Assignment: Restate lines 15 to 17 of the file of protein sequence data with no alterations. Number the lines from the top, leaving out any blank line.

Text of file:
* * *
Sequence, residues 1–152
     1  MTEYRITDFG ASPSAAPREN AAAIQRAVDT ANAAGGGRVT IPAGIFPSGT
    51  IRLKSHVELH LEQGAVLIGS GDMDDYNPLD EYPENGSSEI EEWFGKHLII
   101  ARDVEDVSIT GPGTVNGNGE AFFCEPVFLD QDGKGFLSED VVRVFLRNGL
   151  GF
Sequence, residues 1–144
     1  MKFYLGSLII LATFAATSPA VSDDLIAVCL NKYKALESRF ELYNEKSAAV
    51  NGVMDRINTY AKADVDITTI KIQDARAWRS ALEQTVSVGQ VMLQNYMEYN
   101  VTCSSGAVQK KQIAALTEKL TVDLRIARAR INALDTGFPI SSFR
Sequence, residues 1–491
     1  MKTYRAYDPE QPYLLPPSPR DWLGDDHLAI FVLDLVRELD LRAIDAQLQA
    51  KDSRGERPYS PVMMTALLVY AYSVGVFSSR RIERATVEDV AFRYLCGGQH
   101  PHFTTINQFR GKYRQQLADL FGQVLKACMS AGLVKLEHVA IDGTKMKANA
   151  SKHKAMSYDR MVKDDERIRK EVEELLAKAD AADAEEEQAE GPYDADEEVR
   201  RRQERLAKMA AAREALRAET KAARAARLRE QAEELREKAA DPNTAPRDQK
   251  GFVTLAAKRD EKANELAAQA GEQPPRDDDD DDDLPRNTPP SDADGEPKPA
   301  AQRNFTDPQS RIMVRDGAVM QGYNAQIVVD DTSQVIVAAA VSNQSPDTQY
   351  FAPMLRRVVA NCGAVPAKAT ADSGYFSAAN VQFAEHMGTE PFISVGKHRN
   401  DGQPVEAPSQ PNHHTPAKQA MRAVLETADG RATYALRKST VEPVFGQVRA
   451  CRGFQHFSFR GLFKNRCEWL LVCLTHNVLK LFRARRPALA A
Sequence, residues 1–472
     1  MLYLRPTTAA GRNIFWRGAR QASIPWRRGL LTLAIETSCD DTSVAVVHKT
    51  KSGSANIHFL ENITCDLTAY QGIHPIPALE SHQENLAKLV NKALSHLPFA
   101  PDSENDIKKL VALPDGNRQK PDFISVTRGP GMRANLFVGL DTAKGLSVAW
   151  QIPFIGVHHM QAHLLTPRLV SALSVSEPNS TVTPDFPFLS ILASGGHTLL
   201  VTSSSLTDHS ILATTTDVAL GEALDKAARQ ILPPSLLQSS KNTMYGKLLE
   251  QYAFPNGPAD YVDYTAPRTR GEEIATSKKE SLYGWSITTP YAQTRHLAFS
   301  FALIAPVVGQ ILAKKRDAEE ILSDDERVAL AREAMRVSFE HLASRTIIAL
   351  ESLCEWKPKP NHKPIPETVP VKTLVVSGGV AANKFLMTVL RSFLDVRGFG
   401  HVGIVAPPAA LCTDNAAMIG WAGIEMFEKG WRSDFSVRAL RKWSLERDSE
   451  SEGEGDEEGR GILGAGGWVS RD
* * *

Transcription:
   201  RRQERLAKMA AAREALRAET KAARAARLRE QAEELREKAA DPNTAPRDQK
   251  GFVTLAAKRD EKANELAAQA GEQPPRDDDD DDDLPRNTPP SDADGEPKPA
   301  AQRNFTDPQS RIMVRDGAVM QGYNAQIVVD DTSQVIVAAA VSNQSPDTQY